Runners of the plains

During the next 19 million years – the Miocene (Fig 2) – the climate became more temperate. Grasslands flourished as the forests dwindled, and more animals became adapted to life in the open. Horses became longer-legged and their toes, which originally had numbered four in front and three behind, became fewer. In this way the animals became adapted to running on the plains, while their teeth became more suitable for eating grass than leaves. An early camel, Protylopus, was about the same size as the first horse. But in the Miocene, along with deer and other running creatures, it also grew leggier and better adapted to the plains. This was a time of upheaval on Earth. The Alps and Himalayas were being pushed up, the Andes were still rising and there was volcanic activity in North America accompanying the continuing upheaval of the Rockies.

 

After the Miocene came the comparatively short Pliocene, lasting about five million years. The huge, unwieldy mammals of earlier ages had died out and the animals that replaced them looked very much like the kinds we know today. The most important innovation was the appearance of an ape, Australopithecus, which walked upright on the plains of Africa and was advanced enough to use simple tools.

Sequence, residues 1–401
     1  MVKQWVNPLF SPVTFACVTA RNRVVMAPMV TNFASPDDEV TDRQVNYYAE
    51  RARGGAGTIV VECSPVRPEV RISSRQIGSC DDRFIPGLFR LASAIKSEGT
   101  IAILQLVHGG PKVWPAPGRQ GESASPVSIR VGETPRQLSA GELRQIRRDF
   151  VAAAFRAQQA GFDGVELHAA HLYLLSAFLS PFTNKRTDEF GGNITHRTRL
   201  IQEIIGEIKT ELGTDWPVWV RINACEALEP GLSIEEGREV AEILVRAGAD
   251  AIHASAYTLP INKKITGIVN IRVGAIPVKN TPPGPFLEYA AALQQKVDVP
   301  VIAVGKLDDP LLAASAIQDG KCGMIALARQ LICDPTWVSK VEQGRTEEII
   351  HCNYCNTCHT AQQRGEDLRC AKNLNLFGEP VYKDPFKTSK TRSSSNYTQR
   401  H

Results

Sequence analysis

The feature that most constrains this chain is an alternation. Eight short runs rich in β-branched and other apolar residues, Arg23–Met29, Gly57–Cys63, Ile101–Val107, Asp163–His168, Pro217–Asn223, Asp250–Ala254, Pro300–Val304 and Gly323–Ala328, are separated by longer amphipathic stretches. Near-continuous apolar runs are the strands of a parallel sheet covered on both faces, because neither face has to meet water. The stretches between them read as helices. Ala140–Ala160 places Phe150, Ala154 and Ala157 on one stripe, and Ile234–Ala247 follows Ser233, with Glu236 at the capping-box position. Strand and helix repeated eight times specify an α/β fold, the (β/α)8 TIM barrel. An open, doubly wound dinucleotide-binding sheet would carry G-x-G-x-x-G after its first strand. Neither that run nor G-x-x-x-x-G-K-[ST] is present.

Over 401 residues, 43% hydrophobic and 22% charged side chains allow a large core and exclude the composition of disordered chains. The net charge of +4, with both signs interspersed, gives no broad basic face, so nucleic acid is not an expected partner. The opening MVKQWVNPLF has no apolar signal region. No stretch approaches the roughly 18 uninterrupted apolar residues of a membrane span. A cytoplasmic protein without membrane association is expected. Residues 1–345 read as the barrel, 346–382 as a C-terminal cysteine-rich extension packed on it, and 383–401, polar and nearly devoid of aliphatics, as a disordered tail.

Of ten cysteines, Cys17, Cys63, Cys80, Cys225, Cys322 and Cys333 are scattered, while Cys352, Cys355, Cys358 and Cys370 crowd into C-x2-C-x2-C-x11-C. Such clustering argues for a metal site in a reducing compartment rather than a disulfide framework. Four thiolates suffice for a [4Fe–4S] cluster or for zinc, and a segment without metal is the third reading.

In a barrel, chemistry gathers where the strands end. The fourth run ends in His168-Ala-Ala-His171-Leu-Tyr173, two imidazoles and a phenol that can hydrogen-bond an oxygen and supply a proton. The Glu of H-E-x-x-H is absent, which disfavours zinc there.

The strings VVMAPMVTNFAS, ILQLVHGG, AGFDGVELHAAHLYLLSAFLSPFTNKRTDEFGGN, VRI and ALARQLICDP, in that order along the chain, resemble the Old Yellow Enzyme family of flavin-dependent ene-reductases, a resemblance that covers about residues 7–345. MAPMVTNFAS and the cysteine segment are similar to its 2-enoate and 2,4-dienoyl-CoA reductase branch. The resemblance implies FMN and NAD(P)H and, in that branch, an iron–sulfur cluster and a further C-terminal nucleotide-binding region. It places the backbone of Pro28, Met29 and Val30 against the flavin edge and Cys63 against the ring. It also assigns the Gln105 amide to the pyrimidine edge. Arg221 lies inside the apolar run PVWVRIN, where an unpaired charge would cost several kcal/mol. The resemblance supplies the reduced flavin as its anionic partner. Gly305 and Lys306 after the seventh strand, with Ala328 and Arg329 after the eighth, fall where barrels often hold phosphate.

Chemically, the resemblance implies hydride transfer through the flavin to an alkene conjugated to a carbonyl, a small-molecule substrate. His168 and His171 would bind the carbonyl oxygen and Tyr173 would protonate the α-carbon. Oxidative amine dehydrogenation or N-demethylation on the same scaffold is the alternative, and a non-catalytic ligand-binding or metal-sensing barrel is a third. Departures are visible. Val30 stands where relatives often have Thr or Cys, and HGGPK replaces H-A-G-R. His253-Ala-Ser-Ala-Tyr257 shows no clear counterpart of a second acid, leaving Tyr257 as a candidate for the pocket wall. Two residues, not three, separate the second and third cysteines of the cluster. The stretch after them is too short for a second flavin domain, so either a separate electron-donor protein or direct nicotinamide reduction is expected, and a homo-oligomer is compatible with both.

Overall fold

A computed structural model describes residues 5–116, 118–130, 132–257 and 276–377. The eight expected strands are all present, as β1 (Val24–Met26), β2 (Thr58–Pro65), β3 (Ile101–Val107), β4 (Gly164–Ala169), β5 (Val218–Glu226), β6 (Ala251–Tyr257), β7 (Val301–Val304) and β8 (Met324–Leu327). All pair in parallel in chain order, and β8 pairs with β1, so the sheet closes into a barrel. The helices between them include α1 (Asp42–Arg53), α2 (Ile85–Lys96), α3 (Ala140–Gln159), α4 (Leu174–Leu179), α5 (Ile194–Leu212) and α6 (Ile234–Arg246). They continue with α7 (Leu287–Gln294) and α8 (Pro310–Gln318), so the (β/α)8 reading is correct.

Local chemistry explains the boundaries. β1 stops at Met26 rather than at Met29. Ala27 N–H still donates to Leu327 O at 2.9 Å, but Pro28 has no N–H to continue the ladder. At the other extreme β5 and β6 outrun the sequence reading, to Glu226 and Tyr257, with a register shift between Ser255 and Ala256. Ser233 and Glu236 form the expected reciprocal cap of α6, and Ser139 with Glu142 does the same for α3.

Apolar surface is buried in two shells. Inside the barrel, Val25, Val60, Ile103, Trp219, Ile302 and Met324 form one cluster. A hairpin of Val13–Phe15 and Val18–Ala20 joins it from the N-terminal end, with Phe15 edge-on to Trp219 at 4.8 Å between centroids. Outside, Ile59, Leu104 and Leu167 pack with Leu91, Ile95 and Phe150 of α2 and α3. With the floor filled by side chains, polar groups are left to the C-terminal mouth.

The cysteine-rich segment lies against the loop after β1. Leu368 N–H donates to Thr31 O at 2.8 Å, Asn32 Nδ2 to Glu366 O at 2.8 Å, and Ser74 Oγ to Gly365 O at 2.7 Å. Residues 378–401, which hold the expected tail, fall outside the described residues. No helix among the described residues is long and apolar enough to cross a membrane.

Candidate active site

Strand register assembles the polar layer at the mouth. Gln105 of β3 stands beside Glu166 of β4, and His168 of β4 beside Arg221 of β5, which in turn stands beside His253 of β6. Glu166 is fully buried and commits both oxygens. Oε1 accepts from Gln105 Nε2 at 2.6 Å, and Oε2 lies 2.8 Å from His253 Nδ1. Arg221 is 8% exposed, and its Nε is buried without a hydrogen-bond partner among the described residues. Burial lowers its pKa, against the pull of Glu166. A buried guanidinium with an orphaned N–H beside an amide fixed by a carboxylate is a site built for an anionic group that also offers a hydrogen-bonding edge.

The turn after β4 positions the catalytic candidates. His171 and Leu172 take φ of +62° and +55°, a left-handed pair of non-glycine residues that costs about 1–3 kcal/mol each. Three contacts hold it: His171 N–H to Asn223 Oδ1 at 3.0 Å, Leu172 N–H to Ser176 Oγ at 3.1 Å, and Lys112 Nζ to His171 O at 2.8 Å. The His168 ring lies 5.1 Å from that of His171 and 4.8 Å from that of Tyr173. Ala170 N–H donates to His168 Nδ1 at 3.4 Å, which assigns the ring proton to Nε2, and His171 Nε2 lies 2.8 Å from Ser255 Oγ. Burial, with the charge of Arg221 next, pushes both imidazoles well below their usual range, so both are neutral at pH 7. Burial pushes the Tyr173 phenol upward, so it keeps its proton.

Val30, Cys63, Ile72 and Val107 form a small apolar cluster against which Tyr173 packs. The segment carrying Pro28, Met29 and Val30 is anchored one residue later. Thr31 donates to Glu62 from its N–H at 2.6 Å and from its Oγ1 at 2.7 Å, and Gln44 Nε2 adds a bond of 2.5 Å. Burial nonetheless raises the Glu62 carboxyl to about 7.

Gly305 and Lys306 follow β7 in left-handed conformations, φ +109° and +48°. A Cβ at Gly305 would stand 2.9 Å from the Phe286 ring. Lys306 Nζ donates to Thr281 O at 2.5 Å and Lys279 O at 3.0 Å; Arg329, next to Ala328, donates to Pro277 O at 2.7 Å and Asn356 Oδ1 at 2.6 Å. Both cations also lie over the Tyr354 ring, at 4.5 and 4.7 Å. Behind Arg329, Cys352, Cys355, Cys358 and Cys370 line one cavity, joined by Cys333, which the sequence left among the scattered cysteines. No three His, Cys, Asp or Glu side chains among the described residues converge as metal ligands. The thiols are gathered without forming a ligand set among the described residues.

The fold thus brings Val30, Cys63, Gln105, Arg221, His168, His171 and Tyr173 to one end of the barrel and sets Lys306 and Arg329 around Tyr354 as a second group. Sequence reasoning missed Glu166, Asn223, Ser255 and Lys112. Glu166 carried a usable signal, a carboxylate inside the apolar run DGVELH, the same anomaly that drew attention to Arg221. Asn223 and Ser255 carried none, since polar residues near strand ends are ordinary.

The coming of the ice ages

The lowering of temperatures at the end of the Pliocene heralded the coming of the Pleistocene (Fig 3) ice age about two million years ago. This was the beginning of the Quaternary period – the age of man. The glaciers came and went four times in response to a changing climate, and the animal life of the Northern Hemisphere had to adapt to it. The animals living in what are now temperate latitudes were Arctic forms with thick fur which were able to subsist on conifers, birches, and lichens. The woolly mammoth, mastodon, and woolly rhinoceros lived in this manner and fell prey to early man with his hunting skills. South of the ice sheets, Smilodon, a saber-toothed tiger, wrought havoc among the heavy, slow-moving ground sloths and the mastodons. Glacial conditions did not affect the whole of the world, nor were they continuous even in the glaciated areas. Warm periods occurred between the advances of the ice and during such times even elephants lived in latitudes as far north as the British Isles.

 

The Holocene, or Recent, which dates from the end of the Pleistocene, is such a short epoch that it cannot really be regarded as a distinct geological division. The modern pattern of climatic zones with different weather conditions seems to be exceptional and more stable worldwide climatic conditions seem to have existed throughout geological time – for example during the times when the deserts of the Permian and the forests of the Eocene covered the land. The last ice sheet has barely receded and it is possible that today's environment is another Pleistocene interglacial stage.